Should people who learn origami learn mathematical laws to do origami?
Well, interestingly, you don’t necessarily need to know those four laws to do origami, because you can certainly follow instructions without knowing any mathematics at all. You can also design a lot of origami pieces using geometric ideas that are built on those four laws, but you don’t need to know the laws themselves. You can use the geometric concepts derived from the laws to turn an assembly of flaps into the patterns of folds on the paper that gives you the plan for folding.
When people want to start to design origami, I usually recommend they start with a book I wrote called “Origami Design Secrets”, which teaches people how to design origami. They will learn those four laws along their way, but the focus of the book is to teach the layers of ideas above those four laws, ideas that people can use in design.
I like to suggest for people who are designing origami that there is not a linear, step-by-step process for design, but rather that they develop a “bag of tricks,” a collection of design concepts that are akin to tools in a mental tool-chest of design. As they learn more ideas, they add more tools to their tool-chest. Once you’ve got a good collection of tools, when you are doing a design, you can select whatever tool helps with the particular design problem.
So it is possible to design a lot with just a few simple tools, but you can create a greater variety and, perhaps, more beautiful and vary patterns if you have a large toolkit. You have also created some computer programs for origami design. Can you tell us more about them?
Yes, I have written a couple of programs for the design of origami. One of them is called TreeMaker. What this program does is the following: if you draw a stick figure of the shape that you want, then it will calculate a crease pattern that folds into that stick figure.
It is particularly useful if you want to make, for example, an insect with six legs and antenna. You draw a little stick figure in TreeMaker, specify how long each of the legs and appendages needs to be, and then TreeMaker will calculate a crease pattern that folds into that shape. If you wish, you can print it out and fold it or you can also (as I often do) use that as a starting point and then refine that pattern in ways to make it more artistically interesting.
In the Photo: Artwork “Pegasus (mini)” by Robert J. Lang and Kevin Box Photo Credit: Bill Stengel Photo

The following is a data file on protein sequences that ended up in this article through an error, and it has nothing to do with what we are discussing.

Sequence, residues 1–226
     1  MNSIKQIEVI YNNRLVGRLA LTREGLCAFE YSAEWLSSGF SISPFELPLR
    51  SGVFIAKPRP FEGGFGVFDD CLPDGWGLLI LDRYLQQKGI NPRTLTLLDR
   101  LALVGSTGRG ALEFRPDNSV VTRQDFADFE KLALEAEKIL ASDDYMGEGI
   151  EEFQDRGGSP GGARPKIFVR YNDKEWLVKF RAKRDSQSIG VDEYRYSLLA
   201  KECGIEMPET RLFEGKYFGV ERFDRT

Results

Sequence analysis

What is for you the most exciting part of the origami design process?
It varies from day to day. Perhaps, the main thing that keeps origami interesting to me is the fact that there is always something new. I can try an idea in one conceptual area and then switch to something completely different. The common factors that keep me excited are novelty, solving problems, and creating something that did not exist before. Usually, that’s also something that’s aesthetically beautiful as well.
It sounds that origami can never be boring for you?
It is rarely boring, although sometimes it is if I am folding a pattern that has a lot of repetition in it. Just doing the same folds over and over again can get pretty tedious, but I am willing to go through that bit of boredom to accomplish the greater goal of the thing I am trying to fold.
In the Photo: Artwork “Raptor” by Robert J. Lang and Kevin Box Photo Credit: Bill Stengel Photo
How many hours do you spend to fold complex origami objects?
It varies a lot. For fairly simple designs I may only need about 5 or 10 minutes to fold. At the other extreme, the longest time I have ever spent folding a single object was spread over about seven years, but that was an unusual case. I would say that most of my complex pieces take a few hours to a couple of days to fold. That’s separate from the amount of design time, which might have taken anywhere from a few hours to a few weeks.
What are your future plans?
There will be a couple of traveling exhibitions with my artwork around the US. I also have a few art commissions and I am in discussions with a couple of venues to do some exhibitions for the next year.
For upcoming exhibitions of Robert Lang, click here.
Words by by Anna Durbanova. Special thanks to impakter